CYB5D2 downregulation associates with mutations in the major BC contributing genes
It becomes clear that combination of alterations in gene expression with those in genome more precisely revealed critical events of tumor evolution42. For incidence, gene expression plus copy number changes resulted in detailed clarification of BC into 10 sub-groups6. We thus analyzed CYB5D2 downregulation-associated genomic alterations. With CYB5D2 reduction at the above three levels (Fig. S4), there were no significant co-alterations in copy number variations defined at q-value (false discovery rate) < 0.05 in the Metabric dataset (n = 2509, cBioPortal). On the other hand, we extracted a set of genes with co-alterations in mutation at q < 0.05 (Table S1). It is interesting that those co-mutated genes relative to CYB5D2 downregulation at −1.5 SD or −2SD include the most commonly mutated genes in BC, TP53, CDH1, GATA3, PIK3CA, and MAP3K1 (Table S1)6,8,34,41,43. Co-alterations in mutations for either RB1 or BRCA1 also occurred with CYB5D2 reduction at the −1SD level (Table S1).
We then examined whether these genomic alterations will strengthen the effects of CYB5D2 downregulation on OS shortening. Based on the association of CYB5D2 downregulations with an OS decrease (Fig. S4), CYB5D2 reduction at the −1.5 SD level was chosen for further analyses. By selection for contributions to CYB5D2 downregulation-associated decreases in OS, we established a signature (Signature #1) consisting of CYB5D2 reduction and the mutations in TP53, CDH1, BRCA1, THSD7A, BIR6, and RB1 (Table S2; Fig. 3A). Signature #1 significantly correlates with a reduction of OS in BC and ER-positive breast cancer (the Curtis dataset, n = 1980) (Fig. 3B,C). Mutations in TP53 occur most frequently in Signature #1 (Fig. 3A) and contribute to Signature #1’s correlation with OS reductions. Removal of TP53 decreased the signature’s potency, nonetheless, the signature retains association with OS shortening (control cases n = 1145, deaths n = 640, median months survival 169, and 95% CI: 159–181; risk individuals n = 361, deaths n = 241, median months survival 124, and 95% CI: 114–149; p = 4.33e-5). Removal of other individual components also decreased the association (data not shown), supporting their unique contributions to Signature #1. Additionally, Signature #1 independently predicts the risk of BC fatality (HR 1.328, 95% CI 1.131–1.560, p = 5.3e-4) following adjusting for cellularity, age at diagnosis, Neoplasm Histologic Grade, Integrative Cluster, tumor size, Nottingham prognostic index, and tumor stage. The signature remains an independent risk factor for BC deaths after removal of TP53 (HR 1.217, 95% CI 1.041–1.422, p = 0.01379). Additionally, Signature #1 associates with decreases in OS and DFS (disease-free survival) during 80-months follow-up in an independent TCGA-Cell cohort (n = 817)34 (Fig. S6). Collectively these findings suggest an important connection between CYB5D2 and other oncogenic factors involved in BC pathogenesis.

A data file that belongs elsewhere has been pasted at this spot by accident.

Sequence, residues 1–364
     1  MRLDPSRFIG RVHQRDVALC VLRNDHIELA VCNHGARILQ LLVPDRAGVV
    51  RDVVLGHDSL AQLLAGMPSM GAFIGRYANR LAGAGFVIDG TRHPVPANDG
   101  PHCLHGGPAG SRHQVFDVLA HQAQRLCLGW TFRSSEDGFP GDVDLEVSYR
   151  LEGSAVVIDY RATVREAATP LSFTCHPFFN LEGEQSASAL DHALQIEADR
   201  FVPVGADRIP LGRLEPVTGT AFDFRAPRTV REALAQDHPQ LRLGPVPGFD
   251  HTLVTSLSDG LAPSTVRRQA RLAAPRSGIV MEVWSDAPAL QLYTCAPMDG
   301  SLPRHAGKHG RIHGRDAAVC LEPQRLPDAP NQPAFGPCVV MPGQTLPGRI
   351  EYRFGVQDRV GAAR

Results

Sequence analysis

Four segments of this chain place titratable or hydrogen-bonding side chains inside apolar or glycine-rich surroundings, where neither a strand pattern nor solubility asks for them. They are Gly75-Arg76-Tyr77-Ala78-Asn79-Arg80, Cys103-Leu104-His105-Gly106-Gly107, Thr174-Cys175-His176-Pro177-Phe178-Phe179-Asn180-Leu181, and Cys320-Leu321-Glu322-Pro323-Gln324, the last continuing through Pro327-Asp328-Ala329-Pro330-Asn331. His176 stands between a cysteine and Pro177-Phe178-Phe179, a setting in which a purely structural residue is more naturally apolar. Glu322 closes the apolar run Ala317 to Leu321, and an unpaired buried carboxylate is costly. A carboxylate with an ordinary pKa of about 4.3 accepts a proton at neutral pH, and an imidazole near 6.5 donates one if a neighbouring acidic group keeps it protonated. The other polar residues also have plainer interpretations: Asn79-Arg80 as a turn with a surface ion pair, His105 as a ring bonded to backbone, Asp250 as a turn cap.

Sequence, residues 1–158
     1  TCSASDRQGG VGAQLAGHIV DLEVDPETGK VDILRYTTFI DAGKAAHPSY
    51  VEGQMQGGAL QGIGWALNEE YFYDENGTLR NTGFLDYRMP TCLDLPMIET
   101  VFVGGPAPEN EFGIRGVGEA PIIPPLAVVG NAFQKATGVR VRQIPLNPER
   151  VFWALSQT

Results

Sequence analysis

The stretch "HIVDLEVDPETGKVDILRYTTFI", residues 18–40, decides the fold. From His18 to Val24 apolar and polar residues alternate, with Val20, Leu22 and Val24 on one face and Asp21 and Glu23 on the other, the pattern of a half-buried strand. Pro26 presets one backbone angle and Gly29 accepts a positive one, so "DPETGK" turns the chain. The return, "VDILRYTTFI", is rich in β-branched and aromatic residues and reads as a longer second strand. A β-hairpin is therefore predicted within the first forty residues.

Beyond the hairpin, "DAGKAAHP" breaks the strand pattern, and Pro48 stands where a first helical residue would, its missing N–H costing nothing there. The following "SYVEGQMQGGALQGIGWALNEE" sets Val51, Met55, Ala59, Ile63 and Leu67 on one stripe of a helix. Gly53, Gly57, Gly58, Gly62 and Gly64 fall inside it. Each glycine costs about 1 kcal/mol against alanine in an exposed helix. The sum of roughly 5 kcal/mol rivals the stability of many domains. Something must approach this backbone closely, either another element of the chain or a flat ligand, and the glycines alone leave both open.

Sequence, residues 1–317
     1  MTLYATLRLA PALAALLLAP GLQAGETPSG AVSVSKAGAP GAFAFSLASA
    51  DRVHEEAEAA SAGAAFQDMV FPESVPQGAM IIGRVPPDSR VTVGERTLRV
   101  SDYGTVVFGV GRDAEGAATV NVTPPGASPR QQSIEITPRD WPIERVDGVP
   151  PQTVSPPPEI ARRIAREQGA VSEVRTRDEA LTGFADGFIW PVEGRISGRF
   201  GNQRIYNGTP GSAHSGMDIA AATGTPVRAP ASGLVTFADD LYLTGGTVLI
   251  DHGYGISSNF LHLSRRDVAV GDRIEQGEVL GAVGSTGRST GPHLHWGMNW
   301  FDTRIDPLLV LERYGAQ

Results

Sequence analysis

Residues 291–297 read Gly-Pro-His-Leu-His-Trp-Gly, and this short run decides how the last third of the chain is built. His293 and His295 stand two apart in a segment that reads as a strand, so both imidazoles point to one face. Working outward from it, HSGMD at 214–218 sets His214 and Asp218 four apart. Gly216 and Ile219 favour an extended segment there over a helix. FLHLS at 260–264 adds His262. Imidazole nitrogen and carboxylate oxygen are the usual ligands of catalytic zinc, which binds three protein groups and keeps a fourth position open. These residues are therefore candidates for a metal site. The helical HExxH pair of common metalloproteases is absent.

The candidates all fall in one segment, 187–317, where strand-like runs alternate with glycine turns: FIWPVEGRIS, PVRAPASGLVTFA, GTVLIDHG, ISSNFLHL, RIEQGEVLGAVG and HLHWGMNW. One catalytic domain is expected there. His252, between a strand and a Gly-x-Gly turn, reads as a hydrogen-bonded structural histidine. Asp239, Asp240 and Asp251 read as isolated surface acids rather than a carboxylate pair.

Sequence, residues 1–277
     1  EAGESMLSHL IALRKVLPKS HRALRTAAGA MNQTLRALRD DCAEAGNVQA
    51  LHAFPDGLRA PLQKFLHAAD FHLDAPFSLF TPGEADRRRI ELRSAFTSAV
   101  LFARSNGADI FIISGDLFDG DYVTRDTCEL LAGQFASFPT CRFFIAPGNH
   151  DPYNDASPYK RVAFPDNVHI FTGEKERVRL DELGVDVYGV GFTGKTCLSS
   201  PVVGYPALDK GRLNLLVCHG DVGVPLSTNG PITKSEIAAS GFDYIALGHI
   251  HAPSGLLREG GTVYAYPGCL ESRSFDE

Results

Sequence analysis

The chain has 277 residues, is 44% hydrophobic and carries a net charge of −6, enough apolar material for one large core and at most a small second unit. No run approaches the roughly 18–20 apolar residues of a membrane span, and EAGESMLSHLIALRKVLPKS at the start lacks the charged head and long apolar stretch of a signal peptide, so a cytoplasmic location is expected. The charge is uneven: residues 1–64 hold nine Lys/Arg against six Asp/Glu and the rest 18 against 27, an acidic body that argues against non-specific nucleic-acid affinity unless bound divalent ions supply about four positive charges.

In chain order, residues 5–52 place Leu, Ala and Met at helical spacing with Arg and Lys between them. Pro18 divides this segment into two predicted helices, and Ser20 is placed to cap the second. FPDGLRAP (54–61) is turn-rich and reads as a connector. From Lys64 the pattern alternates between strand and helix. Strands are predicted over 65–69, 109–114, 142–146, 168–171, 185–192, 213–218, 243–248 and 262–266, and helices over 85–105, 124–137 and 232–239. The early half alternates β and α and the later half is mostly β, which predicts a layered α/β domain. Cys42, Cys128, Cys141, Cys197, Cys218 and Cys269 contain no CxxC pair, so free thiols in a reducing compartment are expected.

Identification of CYB5D2-related genes
To further characterize CYB5D2’s involvement in BC pathogenesis, we have determined the DEGs (differentially expressed genes) relevant to CYB5D2 downregulation (−1.5 SD) in both the TCGA-Cell (n = 817)34 and Metabric (n = 2509) datasets within cBioPortal. DEGs have been selected at q-value < 0.001. In the Metabric and TCGA-Cell datasets, 4981 and 660 DEGs were respectively identified (Tables S3A,B). Of the 660 DEGs extracted from the TCGA-Cell dataset, 471 (71.4%) are found in DEGs retrieved from the Metabric dataset (Table S3C). Furthermore, these 471 genes display the same directionality of alterations (downregulation and upregulation) in both datasets (data not shown).
Building a 21-gene signature
To further analyze those DEGs, we selected DEGs that displayed alterations no less than that of CYB5D2. From the Metabric-DEGs, 98 genes were selected with 64 downregulation and 34 upregulation (Table S3D). We then imputed these DEGs in the Cox model using either addition (forward) or elimination (backward) of covariates to select DEGs based on their contributions to hazard ratio (HR). A 21 gene signature (Signature #2) was the result (Table 1; Fig. S7). Signature #2 robustly correlates with decreases of OS in BCs in the Curtis cohort (n = 1980, p = 5.72e-12) and the ER-positive subpopulation (n = 1560, p = 9.32e-12) (Fig. 4A,B). In the ER-negative subpopulation, Signature #2 is on a border line (p = 0.077) for a significant association with OS reductions (Fig. S8A). We noticed a large proportion of ER-negative tumors (432 of 474) being positive for Signature #2 (Fig. S8A), suggesting that this imbalance in distribution was a cause for the observed non-significant association (Fig. S8A).